WHEREAS SDCL 10-6-33.1 through 10-6-33.4, inclusive, directs that agricultural land shall be assessed for tax purposes on the basis of the capacity of land in agricultural use to produce agricultural products under natural conditions including the average acres per animal unit: NOW, THEREFORE, BE IT RESOLVED, by the House of Representatives of the Forty-seventh Legislature of the state of South Dakota, the Senate concurring therein, respectfully requests the Governor of South Dakota to issue such executive orders as may be appropriate and necessary to the Department of Revenue that directs the full legislative intent, implementation, and administration of assessing agricultural land as specified in SDCL 10-6-33.1 through 10-6-33.4 inclusive.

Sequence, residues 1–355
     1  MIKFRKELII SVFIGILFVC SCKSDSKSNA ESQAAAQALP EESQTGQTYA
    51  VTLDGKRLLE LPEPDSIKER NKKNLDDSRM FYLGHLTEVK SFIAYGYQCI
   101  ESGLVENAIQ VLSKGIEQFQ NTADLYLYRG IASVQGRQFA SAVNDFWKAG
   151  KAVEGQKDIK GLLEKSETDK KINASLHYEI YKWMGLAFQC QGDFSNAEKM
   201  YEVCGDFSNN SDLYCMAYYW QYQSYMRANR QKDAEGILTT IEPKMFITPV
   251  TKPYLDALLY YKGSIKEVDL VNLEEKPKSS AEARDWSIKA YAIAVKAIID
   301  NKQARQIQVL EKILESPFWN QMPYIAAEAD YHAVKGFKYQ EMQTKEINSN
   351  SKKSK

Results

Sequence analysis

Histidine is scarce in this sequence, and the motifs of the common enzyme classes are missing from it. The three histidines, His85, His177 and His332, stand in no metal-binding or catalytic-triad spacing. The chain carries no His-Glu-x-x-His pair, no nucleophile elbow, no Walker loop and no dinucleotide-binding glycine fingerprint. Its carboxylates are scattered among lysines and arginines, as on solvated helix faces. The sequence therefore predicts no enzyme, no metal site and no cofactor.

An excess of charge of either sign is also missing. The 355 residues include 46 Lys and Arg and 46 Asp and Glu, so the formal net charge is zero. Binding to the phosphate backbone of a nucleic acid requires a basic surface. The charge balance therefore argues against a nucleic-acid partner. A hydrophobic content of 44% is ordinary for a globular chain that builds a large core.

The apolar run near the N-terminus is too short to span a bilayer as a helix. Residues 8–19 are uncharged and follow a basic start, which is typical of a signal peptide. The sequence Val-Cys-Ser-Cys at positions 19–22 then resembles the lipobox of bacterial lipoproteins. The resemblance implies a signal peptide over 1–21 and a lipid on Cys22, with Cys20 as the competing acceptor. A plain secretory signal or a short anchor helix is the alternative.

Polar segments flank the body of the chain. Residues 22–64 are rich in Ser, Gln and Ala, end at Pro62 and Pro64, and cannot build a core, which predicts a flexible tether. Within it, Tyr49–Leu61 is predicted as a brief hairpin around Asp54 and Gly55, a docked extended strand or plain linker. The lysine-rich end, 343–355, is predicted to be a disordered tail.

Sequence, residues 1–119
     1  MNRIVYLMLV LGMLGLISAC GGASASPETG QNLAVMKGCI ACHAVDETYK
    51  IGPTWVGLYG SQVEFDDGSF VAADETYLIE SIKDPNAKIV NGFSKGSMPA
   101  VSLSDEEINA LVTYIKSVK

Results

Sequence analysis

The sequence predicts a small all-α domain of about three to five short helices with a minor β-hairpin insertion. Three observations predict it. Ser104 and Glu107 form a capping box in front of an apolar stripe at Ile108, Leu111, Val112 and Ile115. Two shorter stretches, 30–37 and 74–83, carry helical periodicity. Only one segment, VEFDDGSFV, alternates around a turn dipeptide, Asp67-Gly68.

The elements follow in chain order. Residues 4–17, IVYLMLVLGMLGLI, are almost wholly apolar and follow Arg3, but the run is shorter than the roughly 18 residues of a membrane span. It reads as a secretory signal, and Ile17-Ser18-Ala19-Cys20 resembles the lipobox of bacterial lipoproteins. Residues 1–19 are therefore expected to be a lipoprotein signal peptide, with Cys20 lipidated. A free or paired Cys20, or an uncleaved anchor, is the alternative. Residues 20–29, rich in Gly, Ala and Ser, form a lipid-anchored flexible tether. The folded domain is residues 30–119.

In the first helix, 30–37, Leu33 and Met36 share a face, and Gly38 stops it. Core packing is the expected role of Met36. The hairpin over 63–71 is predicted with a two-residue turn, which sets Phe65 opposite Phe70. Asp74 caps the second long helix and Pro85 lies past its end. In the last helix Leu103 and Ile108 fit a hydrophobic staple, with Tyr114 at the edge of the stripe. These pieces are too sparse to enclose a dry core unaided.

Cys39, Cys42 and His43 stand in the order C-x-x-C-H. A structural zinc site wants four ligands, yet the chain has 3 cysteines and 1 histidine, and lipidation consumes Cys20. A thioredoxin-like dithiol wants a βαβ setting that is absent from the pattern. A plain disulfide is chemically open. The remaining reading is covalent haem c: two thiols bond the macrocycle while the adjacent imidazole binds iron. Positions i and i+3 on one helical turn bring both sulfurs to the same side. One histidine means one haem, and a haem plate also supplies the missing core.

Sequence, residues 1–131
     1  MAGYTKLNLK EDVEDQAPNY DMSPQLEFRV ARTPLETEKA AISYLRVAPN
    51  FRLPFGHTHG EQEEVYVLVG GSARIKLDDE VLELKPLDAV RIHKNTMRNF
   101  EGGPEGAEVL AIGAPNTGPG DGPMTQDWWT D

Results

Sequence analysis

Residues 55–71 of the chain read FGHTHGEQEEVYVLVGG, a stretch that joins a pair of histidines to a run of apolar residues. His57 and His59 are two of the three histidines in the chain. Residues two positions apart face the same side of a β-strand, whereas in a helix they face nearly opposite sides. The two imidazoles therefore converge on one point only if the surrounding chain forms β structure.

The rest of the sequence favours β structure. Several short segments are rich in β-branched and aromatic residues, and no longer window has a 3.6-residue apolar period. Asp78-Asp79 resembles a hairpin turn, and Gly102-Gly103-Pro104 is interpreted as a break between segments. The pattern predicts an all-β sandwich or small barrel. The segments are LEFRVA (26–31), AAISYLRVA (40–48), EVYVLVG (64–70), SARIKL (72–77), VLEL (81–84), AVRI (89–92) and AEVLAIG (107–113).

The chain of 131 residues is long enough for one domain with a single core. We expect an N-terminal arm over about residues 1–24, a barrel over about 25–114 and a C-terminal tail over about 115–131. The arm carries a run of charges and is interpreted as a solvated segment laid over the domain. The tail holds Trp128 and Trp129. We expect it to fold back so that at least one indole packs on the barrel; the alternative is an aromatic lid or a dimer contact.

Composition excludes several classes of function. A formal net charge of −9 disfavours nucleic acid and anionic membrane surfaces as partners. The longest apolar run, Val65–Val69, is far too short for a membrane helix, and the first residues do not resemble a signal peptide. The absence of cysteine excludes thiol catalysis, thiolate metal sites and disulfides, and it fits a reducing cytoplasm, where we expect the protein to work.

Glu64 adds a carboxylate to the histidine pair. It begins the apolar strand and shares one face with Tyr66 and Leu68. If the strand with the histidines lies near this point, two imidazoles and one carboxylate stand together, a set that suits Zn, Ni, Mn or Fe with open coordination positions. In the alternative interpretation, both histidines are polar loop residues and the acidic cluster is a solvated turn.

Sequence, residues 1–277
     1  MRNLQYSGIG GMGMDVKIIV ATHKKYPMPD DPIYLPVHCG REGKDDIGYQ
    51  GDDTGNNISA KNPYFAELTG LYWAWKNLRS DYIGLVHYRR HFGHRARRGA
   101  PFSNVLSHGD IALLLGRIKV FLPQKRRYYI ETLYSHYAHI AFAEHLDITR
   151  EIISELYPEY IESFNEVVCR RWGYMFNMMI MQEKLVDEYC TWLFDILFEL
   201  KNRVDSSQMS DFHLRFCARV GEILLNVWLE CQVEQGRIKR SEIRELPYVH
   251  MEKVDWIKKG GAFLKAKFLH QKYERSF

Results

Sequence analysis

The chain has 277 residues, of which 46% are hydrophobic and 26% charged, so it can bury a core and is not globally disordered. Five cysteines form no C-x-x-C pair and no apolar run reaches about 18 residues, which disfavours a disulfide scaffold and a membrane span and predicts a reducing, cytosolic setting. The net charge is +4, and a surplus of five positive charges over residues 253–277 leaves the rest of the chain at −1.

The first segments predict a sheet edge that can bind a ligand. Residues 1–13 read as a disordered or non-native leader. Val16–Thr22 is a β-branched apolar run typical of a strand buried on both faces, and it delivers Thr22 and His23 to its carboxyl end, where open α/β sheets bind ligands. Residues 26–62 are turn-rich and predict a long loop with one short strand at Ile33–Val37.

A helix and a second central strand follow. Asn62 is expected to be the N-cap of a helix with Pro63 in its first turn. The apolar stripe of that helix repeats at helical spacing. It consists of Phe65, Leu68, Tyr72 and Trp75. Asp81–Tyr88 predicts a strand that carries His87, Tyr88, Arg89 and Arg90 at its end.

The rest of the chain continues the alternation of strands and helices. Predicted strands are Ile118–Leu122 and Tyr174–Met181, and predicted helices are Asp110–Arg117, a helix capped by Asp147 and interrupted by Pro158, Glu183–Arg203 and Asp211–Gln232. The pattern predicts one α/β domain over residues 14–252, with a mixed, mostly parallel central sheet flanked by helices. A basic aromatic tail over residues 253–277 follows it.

This resolution was adopted by the House on February 9, 1972 and was concurred in by the Senate on February 11, 1972. The 1975 Legislature amended SDCL 10-6-33.1(3) to read: "The present market value of said property as agricultural land as determined by the factors contained in subdivisions (1), (2), (4) and (5) of this section; * * *."[5] The appellant urges this amendment as further evidence of legislative intent that agricultural valuation shall be based solely on capitalization of return.

We therefore consider what effect a subsequent amendment and/or resolution by the legislature will have upon the court's interpretation of the original statute.